I kid, I kid. Because humor is a defense mechanism. And I need it right now. Because the second ending of ES breaks my goddamn heart. After all that Senia has gone through to save her sister Magaleta, and all that Magaleta has taken on herself to save Senia, Eternity still wins out, taking control of Senia while Magaleta is pushed away before she can try to shoulder this last lethal burden. Senia is lost, yet Magaleta cannot bring herself to leave her, even as Senia attacks her...instead, Magaleta simply accepts each injury, as fate’s punishment for failing to love Senia well enough, and failing to save her. After all the hurt and trials that Senia and Magaleta have endured, each girl’s only concern the wellbeing of her sister, her only wish to be with the other...Magaleta accepts death by the blade of her beloved sister, happily, as her penance, and because she’d rather be with Senia in death than attempt to live without her. The sheer weight of Senia and Magaleta’s love for one another is staggering, and the fact that they never had the chance to truly live and rejoice in that love, from circumstance and an inability to communicate their feelings and fears, makes this the saddest Bad Ending I’ve ever seen.


3. Fallout 1

This ending, which you get when the protagonist gives in and tells The Master’s lieutenant about Vault 13, is short, yet extremely effective. The Vault Dweller is taken and dropped into the vats, transformed into a super mutant, the scene nightmarish without needing to be excessive or graphic. Then, we see the result of the Vault Dweller’s loose lips: the invasion of Vault 13 in progress, through security feeds. It’s a masterfully disturbing scenario: hopeless, relentless, terrifying, and brutal. It’s simple, and again, nightmarish without the need for gratuitous detail. Stunningly horrible, this is an ending that leaves you feeling a little sick.


2. Undertale (No Mercy Ending)

Actually, there are quite a few neutral endings in Undertale that might have pushed Live-A-Live off this list, too, but they’re pretty much the ones where you’ve come close to a No Mercy run, but not quite gotten it, so I’m just going to count this one alone, and call it a day.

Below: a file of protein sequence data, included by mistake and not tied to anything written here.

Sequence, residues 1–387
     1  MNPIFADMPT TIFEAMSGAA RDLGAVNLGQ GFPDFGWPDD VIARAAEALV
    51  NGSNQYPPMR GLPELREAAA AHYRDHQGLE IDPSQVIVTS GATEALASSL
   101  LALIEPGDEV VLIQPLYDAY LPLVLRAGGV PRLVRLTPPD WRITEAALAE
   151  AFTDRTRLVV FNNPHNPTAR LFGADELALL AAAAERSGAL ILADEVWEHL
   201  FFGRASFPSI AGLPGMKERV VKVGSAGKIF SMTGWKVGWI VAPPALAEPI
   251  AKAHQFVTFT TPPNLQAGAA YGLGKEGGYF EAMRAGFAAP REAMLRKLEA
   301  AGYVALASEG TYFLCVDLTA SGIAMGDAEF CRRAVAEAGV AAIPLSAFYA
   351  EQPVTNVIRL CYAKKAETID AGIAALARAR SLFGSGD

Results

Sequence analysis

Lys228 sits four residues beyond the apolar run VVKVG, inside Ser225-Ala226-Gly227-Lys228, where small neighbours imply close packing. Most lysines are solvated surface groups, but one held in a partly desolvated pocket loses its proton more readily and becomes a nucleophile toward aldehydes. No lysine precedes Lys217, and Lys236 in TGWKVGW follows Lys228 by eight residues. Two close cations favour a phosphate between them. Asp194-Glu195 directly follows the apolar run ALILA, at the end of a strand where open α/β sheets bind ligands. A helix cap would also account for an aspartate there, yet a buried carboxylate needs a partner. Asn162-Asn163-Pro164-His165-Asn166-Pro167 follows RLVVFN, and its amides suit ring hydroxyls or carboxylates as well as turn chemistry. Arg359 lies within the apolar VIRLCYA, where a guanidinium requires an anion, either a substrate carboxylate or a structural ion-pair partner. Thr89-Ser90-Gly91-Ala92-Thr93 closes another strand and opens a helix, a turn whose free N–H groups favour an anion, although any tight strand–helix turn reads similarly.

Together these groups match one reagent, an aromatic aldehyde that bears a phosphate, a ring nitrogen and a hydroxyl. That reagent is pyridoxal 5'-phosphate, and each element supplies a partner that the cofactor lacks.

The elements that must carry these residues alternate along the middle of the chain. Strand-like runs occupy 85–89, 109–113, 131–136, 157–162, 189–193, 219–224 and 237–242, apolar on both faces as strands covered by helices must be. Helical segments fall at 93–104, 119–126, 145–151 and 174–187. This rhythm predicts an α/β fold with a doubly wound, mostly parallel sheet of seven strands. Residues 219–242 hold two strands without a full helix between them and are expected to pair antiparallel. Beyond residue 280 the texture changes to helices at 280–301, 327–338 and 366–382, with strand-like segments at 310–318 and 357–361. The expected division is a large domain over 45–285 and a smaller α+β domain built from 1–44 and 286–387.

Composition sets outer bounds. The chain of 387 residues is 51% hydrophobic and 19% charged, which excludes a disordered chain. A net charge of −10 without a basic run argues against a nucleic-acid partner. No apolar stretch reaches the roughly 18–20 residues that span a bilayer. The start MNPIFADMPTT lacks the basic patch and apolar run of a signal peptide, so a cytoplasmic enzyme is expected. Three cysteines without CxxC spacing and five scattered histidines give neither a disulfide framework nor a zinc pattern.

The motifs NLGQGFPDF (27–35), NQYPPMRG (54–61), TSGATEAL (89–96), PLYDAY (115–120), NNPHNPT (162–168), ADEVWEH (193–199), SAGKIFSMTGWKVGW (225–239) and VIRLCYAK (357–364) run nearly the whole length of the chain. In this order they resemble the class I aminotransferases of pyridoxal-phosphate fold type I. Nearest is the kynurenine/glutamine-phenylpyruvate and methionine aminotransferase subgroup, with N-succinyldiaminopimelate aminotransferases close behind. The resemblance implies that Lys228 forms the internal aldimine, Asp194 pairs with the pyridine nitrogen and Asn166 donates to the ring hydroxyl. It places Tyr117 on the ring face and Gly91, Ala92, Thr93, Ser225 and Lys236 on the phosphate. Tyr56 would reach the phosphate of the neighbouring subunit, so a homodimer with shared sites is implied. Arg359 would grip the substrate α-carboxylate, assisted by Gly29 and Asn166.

Okay, so this may seem like it goes against that rule I mentioned earlier about not counting alternate play styles, but the No Mercy is different than just deciding to play Revan as a Sith or something. Going out of your way to murder absolutely everyone you possibly can has no belief or philosophy behind it--even Flowey’s motto of Kill or Be Killed only logically applies to interacting with those you come across and/or possess something you want, not systematically hunting down and wiping out the weak and helpless in totality. Additionally, the No Mercy ending is not shown as an acceptable alternative to another legitimate ending that gives a deviant player what he or she was shooting for--it’s pretty unequivocally a Bad Ending. Lastly, it does not represent a success of the protagonist, Frisk’s, choices or belief. Rather, as the ending makes clear, the violent impulses of the game belong to Chara, the first child, and if Frisk kills, it is because Chara’s spirit is in control. Chara more or less says this, and even mocks Frisk’s assumption that he/she has ever been in control should Frisk try to resist. SO, the No Mercy ending can really only be seen as a failure for Frisk, never a consciously-selected consequence: it’s a failure to keep the influence of Chara at bay and stay in control.

We square on this? Okay, good. So, then, let’s talk this ending and why it’s here, which is because it
FREAKS
ME
THE
FUCK
OUT.

As is its intention, of course. In this ending, you’ve unleashed a psychotic, reasonless murderer on the world, one intent on and capable of destroying all existence, a monster that can neither be stopped by even a hero who has been imbued with the collective power of the world’s hope, nor by an unimaginably powerful creature who can manipulate the very laws of the universe. Seeing Chara, hearing him/her talk, realizing that this is truly the end of this world, and then realizing that you’ve given Chara the power to lock you out of restarting and can only ever play the game again by selling Frisk’s soul to him/her, a decision that cannot be taken back no matter how you play the game ever again...this ending perfectly blends the stuff of a living nightmare, and the sinking pit in your stomach that occurs when you realize that you’ve made a choice, an important one, for the worse, and will never, ever escape its consequences.